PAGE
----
Three Different Stories and One Dead Deer.

September 26, 2011

A funny thing happened on the way home one day. I was riding shotgun in a friend’s car back to Fort Stewart Georgia where I was stationed the last 9 months of my time in the US Army.

My friend had just bought a “new to him” BMW and he was very proud of his new ride. It was early in the morning, I was sleeping and was shaken out of my slumber by the sight and sound of a large mass crashing into the windshield and tumbling up and over the car.

My first instinct was that we had hit someone, and immediately my medical training kicked in. As I was waiting for him to come to a complete stop so I could exit the vehicle and assess the patient, my friend started yelling repeatedly, “We hit a deer!”

He pulled over and there was no doubt that the deer was dead and so was his new car. The engine was displaced and every fluid the car had was spilling onto the side of the road.

As I was trying to console my friend who was grieving the loss of his new car, a man in a small truck drove up to see if we needed help. We told him what happened and he offered to drive us to his place of business where he operated a small trucking company and could get us a ride home in one of his trucks.

I mentioned in the beginning that a funny thing happened, and this is where it all began. Of course if you were my friend who lost his new BMW, then there was no humor anywhere in this experience.

Our new friend motioned for us to jump in the back of his truck and as we were climbing in, he asked, “So where is the deer you hit?” We motioned back to the point of impact and he drove back to inspect the animal. When we arrived, we were amazed to see a beautiful 9 point buck. With the exception that the animal was as dead as dead could be, you could hardly tell that he had a run in with a fine Bavarian automobile.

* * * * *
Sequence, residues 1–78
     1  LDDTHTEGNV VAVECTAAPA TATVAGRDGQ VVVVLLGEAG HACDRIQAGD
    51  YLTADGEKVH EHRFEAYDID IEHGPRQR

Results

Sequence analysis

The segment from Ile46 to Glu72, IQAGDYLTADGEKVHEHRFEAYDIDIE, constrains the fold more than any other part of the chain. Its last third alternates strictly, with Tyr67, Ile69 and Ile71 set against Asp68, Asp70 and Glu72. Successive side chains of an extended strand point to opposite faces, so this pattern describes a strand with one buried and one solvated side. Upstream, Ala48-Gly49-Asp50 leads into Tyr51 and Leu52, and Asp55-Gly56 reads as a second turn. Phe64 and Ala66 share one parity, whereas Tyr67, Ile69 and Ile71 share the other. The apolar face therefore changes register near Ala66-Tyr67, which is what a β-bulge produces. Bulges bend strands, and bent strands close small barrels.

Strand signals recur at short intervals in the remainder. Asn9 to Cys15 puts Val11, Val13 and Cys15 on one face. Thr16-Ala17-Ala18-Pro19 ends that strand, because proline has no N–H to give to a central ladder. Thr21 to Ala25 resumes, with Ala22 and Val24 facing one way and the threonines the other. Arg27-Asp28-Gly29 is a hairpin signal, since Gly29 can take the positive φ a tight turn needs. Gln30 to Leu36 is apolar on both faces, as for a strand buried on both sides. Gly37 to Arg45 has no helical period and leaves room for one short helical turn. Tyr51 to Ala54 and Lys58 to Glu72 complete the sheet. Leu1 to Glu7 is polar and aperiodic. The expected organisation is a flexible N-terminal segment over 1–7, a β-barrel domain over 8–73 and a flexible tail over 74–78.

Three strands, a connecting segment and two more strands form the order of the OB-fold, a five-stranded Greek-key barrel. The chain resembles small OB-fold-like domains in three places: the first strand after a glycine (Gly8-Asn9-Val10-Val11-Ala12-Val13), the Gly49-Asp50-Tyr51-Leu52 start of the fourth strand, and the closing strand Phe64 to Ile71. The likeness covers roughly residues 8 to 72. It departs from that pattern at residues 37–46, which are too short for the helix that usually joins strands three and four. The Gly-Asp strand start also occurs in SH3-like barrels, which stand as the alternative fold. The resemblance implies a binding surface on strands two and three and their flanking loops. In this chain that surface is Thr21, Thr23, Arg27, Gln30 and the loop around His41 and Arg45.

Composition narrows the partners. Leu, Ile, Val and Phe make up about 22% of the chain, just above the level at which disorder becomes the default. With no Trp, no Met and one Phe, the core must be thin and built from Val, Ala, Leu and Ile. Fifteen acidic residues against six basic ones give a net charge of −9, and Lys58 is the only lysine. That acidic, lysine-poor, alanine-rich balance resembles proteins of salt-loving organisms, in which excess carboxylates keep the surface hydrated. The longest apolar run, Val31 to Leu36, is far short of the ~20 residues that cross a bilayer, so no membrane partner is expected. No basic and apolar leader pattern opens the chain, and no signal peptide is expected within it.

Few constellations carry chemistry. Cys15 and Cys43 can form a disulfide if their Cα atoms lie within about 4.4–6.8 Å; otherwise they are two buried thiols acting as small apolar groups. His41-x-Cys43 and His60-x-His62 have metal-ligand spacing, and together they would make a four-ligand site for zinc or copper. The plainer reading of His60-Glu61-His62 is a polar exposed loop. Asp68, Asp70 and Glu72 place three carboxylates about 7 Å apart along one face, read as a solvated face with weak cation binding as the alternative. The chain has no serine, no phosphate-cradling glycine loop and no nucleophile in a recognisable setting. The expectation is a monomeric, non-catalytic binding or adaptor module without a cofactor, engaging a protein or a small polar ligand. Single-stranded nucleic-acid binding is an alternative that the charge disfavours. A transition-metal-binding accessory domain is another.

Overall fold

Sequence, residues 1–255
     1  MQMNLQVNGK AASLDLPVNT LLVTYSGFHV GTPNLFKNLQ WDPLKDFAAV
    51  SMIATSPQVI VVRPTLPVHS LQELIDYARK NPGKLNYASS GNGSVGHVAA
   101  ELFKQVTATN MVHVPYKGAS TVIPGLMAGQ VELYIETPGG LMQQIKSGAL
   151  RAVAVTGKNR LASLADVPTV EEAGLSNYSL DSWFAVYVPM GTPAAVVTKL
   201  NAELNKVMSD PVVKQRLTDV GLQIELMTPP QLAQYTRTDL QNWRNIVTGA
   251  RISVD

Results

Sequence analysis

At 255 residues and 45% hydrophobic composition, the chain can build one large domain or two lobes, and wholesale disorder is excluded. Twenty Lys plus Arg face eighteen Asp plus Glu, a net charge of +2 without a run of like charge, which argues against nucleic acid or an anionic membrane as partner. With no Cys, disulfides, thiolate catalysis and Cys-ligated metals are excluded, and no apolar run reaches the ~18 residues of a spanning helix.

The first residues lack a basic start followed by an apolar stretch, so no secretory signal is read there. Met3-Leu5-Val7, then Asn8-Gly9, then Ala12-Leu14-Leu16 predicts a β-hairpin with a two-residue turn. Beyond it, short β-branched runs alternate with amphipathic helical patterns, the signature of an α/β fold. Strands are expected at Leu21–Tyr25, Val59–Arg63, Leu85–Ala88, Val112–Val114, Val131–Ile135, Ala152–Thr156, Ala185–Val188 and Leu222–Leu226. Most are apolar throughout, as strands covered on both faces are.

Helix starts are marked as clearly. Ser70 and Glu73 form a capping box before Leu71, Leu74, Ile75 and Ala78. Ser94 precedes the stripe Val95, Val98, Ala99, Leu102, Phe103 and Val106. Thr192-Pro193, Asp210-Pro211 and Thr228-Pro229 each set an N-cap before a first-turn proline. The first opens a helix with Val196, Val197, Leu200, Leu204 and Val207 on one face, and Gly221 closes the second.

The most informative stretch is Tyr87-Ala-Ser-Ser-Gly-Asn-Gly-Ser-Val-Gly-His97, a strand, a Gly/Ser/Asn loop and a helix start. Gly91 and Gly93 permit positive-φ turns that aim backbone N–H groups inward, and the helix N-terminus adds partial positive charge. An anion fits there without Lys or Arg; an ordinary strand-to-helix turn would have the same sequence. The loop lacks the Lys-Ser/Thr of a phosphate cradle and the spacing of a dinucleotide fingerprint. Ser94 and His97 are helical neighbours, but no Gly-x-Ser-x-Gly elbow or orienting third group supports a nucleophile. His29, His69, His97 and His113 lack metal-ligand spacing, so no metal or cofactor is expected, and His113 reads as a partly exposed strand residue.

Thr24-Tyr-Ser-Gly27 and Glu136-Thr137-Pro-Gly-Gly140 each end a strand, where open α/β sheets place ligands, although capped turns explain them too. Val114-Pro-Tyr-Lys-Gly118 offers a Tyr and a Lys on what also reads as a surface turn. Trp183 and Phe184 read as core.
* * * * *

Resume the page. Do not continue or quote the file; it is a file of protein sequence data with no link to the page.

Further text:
Our new friend then asked us to help him load the deer into the back of the truck, where the three of us rode back to his dispatch office. The whole way there my friend was crying inside and had to stare at the dead deer that had totaled his car.

Once we made it back to the dispatch office, our new friend found us a warm place to sit while we waited for our ride. In the meantime, he started calling his friends on the phone, and we could overhear him telling one after another how he woke up early that morning and decided to go hunting, and how he bagged himself a beautiful 9 point buck.

It was hard not to laugh, and I can assure you, my friend who lost his car was not laughing at all.

To this day, I often wonder if that trucking company halfway between Hinesville and Savannah Georgia still exists, and if it does, is that 9 point buck mounted on the office wall.

This memory of a lifetime is probably a story that gets told on a regular basis by at least three individuals. Me, my friend who lost his car, and the trucking company owner who bagged a 9 point buck one early morning. I would wager that we all tell it just a little different.